- Technological ignorance on the law firm’s part is no excuse
What You Should Do Now
- Conduct a cyber security audit of your firm’s practices and systems.
- Establish a secure system for confidential file sharing if one is not already in place. Address other issues uncovered during the security audit.
- Create file sharing policies and procedures.
- Train everyone now; conduct annual training sessions thereafter. Address protocols for uploading and downloading files. All law firm members – attorneys, staff, administration, bookkeeping – need to know the warning signs of receiving or forwarding content from unsecured hyperlinks.
- Talk to clients about file storage and sharing practices. Do they use agents, like the investigator in Harleysville? If so, how do they exchange documents? Consider offering an on-site client training lunch to go over dos and don’ts.
All Rights Reserved 2017 Beverly Michaelis
The July issue of the Oregon State Bar Bulletin features an excellent article by Linn Davis entitled “Responding to Negative Online Reviews: Reputation Management.” If you’ve ever received a negative review, or fear that negative content is inevitable, this post is for you.
While Davis’ article focuses on ethical dos and don’ts, it also contains solid practical advice. The following excerpt describes what you cannot do, what you should not do, how to preempt negative reviews, and how to respond to a negative review. Also included are my two cents on best practice recommendations.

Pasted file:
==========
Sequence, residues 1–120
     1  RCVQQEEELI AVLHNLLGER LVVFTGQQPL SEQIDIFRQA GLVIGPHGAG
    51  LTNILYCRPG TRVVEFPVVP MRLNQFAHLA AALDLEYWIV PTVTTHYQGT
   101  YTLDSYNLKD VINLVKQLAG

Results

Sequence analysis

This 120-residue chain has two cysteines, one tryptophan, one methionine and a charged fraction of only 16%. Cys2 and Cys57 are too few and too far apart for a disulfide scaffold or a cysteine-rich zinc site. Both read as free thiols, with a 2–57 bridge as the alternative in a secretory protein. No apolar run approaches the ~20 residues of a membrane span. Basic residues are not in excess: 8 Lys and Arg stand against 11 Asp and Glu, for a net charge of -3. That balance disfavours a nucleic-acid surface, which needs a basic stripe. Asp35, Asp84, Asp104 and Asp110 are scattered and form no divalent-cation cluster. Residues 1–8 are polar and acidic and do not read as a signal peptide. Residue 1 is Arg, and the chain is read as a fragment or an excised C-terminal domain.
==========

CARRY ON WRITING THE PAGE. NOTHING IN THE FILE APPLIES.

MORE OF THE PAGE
What You Cannot Do
- Reveal information relating to the representation of a client
- Post inaccurate content
- Allow misleading information that creates false expectations regarding fees, results, or your firm’s resources
- Use subterfuge (employees posing as satisfied clients offering glowing reviews)
- Fail to promptly update information when it changes
- Engage in real-time interactions that violate in-person solicitation rules
What You Should Not Do
- Sue the source of the negative review for defamation
- Attempt to restrict clients from posting negative reviews
- Form an unintended attorney-client relationship in an online legal forum
- Fail to screen for conflicts in an online legal forum
- Offer incentives for a positive review without considering the ethical and legal implications. See Oregon RPC 1.8(a), and 16 CFR Part 255 relating to FTC regulation of endorsements.
How to Preempt Negative Reviews
- Contribute accurate and valuable information regarding yourself and your firm
- Use disclaimers when participating in online legal forums
- Provide clients with professional and competent work product